The dark history of Waterman's Woods


One had to be brave to travel the road through Waterman’s Woods. Described as creeping up a long hill through acres of woodlands, it was supposedly located near the line dividing Scituate from Johnston and was an access route to Providence.

Most people today have never heard of the once-notorious location, which cannot now even be accurately pinpointed. However, during the late 1800s and early 1900s, everyone knew of it – and knew they were taking their lives in their hands each time they passed through.

Eight murders occurred upon that lonely road through the forest. Bandits hid in the shadows, the despondent hanged themselves from trees. There were numerous tragedies, accidents and occurrences that almost make it appear as if the woods were cursed.

Waterman’s Woods, with its hushed darkness, was the perfect place to carry out crimes and behave badly.

In September 1887, a man known as Mr. Guncheon beat another man after a trivial argument while a large crowd gathered amongst the trees to enjoy the bloody show.

In October 1894, an unidentified man, about 65 years of age, was discovered hanging in the woods, a victim of apparent suicide. It was estimated he had been hanging there for about four days.

In August 1902, Henry Ferry, James Grant and 67-year-old Providence liquor dealer Peter Early were driving through the woods when the axle on their auto suddenly broke and shot up through the floor. The men sustained injuries.

In February 1905, Frank Randall was hauling a load of wood through the area when he was suddenly thrown from the wagon. A wheel passed over his leg and he sustained injuries as well.

The following month, 37-year-old Scituate farmer Caleb Atwood was returning home one night after going into town to sell his eggs. He passed by two men in the darkness and paid no attention until a bullet struck him under the left shoulder blade. Scared, his horse bolted. Caleb grabbed onto the seat and held on for life as the horse raced away. After the animal stopped in front of a Scituate house, Caleb was transported to Rhode Island Hospital.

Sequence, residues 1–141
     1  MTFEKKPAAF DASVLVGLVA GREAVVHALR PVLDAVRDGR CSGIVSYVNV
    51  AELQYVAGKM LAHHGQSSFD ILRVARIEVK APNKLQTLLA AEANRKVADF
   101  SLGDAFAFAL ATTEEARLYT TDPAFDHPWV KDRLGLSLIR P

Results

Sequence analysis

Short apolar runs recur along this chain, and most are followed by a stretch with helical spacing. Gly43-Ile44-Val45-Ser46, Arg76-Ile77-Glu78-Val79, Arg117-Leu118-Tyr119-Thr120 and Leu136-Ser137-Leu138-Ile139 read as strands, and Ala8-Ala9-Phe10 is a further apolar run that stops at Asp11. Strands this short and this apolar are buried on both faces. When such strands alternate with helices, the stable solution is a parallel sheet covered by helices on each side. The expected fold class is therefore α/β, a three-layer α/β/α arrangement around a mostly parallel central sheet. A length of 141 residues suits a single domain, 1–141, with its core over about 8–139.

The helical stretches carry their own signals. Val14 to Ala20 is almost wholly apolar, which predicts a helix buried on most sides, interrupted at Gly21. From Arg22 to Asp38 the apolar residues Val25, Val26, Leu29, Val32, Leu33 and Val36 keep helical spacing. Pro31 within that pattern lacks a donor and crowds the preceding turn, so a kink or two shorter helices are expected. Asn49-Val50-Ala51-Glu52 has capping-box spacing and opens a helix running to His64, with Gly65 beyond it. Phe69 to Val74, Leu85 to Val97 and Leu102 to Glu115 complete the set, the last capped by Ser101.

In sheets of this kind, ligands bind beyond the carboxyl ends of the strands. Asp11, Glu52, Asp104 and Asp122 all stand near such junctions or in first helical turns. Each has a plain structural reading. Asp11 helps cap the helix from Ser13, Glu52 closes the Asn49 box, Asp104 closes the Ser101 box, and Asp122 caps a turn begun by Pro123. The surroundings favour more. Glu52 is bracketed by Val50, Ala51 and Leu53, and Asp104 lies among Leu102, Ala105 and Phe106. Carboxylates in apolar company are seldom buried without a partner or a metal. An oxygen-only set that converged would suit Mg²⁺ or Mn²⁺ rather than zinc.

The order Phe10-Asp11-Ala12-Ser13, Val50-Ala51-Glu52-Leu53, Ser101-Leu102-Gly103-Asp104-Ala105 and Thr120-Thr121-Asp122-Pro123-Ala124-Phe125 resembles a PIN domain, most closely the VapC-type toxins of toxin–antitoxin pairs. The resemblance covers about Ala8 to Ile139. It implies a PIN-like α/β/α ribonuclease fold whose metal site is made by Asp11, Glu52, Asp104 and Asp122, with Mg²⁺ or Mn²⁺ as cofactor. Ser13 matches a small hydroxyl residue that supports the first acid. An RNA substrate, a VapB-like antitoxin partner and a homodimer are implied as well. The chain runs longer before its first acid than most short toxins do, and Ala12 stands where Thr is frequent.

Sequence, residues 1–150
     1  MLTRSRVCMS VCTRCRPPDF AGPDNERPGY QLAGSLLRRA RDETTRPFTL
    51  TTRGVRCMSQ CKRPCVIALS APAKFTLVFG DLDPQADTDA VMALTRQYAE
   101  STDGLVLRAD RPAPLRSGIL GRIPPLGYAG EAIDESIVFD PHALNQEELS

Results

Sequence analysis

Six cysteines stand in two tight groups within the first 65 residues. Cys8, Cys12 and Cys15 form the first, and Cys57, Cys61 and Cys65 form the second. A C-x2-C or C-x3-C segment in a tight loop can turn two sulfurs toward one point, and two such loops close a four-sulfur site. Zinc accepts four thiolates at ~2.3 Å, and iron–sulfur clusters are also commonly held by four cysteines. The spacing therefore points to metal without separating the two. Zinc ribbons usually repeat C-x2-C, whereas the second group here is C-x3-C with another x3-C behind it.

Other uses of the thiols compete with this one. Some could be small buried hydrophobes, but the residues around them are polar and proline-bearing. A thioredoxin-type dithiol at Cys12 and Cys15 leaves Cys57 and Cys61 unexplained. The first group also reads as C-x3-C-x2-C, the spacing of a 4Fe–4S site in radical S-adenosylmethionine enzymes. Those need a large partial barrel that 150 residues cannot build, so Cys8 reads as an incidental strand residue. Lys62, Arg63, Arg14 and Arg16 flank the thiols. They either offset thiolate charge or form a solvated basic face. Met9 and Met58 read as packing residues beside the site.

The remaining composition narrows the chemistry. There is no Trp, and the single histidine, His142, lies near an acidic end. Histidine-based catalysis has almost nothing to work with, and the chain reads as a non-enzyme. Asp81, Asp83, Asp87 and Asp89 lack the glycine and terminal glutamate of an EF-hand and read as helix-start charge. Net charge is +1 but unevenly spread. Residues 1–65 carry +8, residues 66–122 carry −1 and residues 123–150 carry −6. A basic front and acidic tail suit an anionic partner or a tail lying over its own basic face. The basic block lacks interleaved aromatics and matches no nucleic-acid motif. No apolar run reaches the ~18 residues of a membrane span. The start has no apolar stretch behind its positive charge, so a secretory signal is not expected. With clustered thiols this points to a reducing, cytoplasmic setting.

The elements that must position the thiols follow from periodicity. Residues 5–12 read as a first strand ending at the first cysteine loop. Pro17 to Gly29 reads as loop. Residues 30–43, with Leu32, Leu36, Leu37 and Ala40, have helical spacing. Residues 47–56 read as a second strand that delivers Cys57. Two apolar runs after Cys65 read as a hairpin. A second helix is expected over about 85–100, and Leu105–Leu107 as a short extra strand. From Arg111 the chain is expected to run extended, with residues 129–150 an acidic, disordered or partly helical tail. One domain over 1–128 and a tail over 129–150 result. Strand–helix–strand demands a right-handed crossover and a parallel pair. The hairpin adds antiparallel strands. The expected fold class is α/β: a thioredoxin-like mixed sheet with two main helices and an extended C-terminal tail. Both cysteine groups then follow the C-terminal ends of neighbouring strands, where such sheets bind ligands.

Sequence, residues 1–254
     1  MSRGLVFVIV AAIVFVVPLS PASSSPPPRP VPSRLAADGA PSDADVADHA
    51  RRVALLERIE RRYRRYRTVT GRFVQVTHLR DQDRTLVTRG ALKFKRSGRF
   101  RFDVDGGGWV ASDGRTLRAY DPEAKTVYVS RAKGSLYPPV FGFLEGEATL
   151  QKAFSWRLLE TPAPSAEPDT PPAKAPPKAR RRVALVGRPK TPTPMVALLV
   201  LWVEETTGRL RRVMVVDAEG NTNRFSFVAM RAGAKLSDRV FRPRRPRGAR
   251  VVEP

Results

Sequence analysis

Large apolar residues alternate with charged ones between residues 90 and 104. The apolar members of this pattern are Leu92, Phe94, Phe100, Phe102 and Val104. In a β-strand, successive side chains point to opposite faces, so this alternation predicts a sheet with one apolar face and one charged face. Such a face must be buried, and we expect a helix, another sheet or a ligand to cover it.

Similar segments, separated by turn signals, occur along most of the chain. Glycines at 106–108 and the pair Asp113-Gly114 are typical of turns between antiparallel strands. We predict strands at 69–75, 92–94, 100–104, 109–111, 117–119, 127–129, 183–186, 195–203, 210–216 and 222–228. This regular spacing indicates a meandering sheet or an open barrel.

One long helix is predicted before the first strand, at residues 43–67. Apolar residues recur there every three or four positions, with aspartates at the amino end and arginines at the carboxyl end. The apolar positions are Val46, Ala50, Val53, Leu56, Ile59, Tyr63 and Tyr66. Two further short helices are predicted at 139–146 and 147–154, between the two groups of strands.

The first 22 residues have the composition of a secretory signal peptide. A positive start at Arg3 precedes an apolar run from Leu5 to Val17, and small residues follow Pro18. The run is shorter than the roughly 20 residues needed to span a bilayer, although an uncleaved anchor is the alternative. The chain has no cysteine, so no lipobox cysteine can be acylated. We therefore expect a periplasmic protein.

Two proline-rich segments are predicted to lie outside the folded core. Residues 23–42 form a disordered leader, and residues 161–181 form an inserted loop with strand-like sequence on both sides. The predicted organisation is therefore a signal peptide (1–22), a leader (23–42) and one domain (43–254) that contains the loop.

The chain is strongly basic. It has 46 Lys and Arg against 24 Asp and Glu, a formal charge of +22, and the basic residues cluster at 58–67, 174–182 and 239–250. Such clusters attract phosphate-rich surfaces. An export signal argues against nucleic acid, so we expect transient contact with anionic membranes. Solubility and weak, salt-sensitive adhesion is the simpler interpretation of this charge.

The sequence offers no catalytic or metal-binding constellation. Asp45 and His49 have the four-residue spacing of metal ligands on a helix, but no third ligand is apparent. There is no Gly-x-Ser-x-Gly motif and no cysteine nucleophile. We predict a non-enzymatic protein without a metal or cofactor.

Six months after that, John Cooney was arrested for reveling in Providence. The handcuffed man was waiting to be put on the train when he ran off and disappeared into Waterman’s Woods.

In June 1907, 37-year-old carpenter Alfred Thornton and 40-year-old Edgar Hicks discovered Gottlob Domke dead within the woods. The 59-year-old German had come to America in 1891 and was employed as a Providence operative.

The next month, Harry Joslin was driving through when the steering gear of his touring car malfunctioned and catapulted itself into the trees. The car was damaged and Joslin sustained injuries.

In January 1910, an old soldier named Gilbert Mann received a fatal revolver shot while passing through the woods. Tried for the murder was German baker Ernest Lorenz, a diabolical lunatic who was suspected of numerous robberies and murders.

In February 1912, the horse of William Hopkins slipped on the icy hill, broke his hip and had to be shot.

Seven months later, a party was passing through in their auto when a man dressed in a brown suit and derby hat stepped from the woods and robbed them of all their money and valuables at gunpoint.

In November 1913, 37-year-old Mary Everett and 33-year-old Jennie Bender were driving through the area when their horse suddenly bolted, causing injuries to Mrs. Bender.

Forty-nine-year-old public school teacher Herbert Baxter was driving through the woods in August 1915 when his auto collided with that of another man. Both men were injured and both machines damaged. Baxter had to leave without his auto and when he returned to it the following day, it had been stripped of its tires and cushions.

Though lost to history, Waterman’s Woods was once a place where one had to be prepared for a traumatic experience, one that would be recalled for a lifetime … if it was survive

d. Kelly Sullivan is a Rhode Island columnist, lecturer and author.

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